WITH a 46-40 lead at the end of the third, the University of the Visayas Lancers seemed headed to an 11th title but Shooster Olago took matters into his own hands and brought the University of San Carlos Warrios back into the fight.
After a Kiefer Lim floater made it 46-42, Olago scored 10 straight points—including a steal and a dunk--to put the Warriors up by 6, 52-46. Just like that, the Warriors, considered chokers last year, was ahead for good, and not one of them was unraveling with a six-point lead with 6:34 left to play.
They had the poise, the championship bearing and the pressure on their shoulders on ending a 57-year-old title drought seemed nothing.
And like the Warriors that they were named after, they didn’t give up; not when UV took the lead in the first quarter when USC could barely make a shot, even from the line, nor when the Lancers tried fighting back, late in the fourth.
Outsized but definitely not out-hustled, Charles Pepito came with two big put-backs in the fourth, while Ian Tagapan got a kind bounce from his three-point shot to keep USC up.
With minutes left, you could feel that Warriors felt it was their moment. Their time. No more runner-up finishes. Not now. It was all over when June Manzo was thrown out, for that foul away from the ball on Olago. Poor Manzo, I hope that won’t define his series because he’s one big reason why it reached a Game 5.
I haven’t seen any dirty play from my favorite player in Green and I hope he gets a chance to redeem himself from that mistake.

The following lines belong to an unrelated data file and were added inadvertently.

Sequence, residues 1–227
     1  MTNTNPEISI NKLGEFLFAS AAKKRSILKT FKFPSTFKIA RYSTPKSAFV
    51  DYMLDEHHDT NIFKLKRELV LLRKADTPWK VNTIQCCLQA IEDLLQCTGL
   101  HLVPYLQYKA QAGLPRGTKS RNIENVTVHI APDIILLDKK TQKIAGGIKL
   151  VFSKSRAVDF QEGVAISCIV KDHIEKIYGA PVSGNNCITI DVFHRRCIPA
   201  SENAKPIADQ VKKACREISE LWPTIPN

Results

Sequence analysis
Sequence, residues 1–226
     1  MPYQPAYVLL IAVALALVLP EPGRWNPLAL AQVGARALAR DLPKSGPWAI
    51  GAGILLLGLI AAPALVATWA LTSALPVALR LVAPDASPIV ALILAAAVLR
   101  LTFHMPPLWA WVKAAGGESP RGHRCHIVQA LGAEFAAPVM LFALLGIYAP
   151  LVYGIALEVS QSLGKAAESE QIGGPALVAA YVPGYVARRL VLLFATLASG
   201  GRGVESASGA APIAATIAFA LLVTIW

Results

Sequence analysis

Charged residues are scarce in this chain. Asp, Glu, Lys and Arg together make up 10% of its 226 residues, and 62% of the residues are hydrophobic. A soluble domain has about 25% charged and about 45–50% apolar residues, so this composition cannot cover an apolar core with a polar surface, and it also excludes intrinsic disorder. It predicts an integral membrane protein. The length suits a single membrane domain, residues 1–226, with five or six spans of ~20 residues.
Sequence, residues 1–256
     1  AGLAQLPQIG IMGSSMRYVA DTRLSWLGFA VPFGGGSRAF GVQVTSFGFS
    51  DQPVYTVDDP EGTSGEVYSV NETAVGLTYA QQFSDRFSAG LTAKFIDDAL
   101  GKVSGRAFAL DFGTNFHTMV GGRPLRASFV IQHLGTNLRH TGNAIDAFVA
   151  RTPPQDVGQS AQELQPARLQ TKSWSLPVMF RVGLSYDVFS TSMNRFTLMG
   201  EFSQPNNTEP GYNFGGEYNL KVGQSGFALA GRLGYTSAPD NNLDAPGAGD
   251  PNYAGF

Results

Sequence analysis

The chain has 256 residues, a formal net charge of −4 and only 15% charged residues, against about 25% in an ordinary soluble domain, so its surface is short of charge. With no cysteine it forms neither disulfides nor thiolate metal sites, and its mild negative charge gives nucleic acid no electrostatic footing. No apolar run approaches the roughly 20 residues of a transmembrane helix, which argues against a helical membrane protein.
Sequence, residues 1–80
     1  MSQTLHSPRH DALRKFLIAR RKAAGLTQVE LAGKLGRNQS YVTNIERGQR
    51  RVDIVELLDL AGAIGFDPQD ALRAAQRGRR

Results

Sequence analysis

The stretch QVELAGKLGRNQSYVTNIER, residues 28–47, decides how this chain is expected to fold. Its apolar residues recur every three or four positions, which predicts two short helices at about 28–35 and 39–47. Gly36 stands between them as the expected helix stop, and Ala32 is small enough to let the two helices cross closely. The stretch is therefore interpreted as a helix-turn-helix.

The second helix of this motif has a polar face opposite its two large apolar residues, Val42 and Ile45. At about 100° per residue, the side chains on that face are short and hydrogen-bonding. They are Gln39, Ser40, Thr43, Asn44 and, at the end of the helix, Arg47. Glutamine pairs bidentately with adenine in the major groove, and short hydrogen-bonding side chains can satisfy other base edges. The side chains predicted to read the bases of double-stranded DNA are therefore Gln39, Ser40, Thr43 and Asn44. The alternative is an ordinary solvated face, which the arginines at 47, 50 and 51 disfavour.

With seconds left, rookie coach Bret Reroma, was shaking the table wildly, like a kid waiting to be loose on his favorite toy store, the UV coaching staff, led by Gary Cortes, gamely approached before the buzzer to congratulate the Warriors, for a series played well.
The final buzzer. Pandemonium. But before the wild celebration, I noticed something--the Warriors paid homage to vital figures of their championship run. On the court, they trooped to Olago, the finals MVP, while off it, USC godfather Celestino Martinez Jr. was approached, without him, the Warriors wouldn’t be a contender.
Then, back on the court, Olago, and a few other Warriors approached the legendary Julian Macoy, who also had a spell as the USC coach. They were screaming, “MACOY!, MACOY!” iThe current USC legends, recognizing a former legend who still owns the record for the most points in a game.
They just made history, but the Warriors sure know who helped them get there.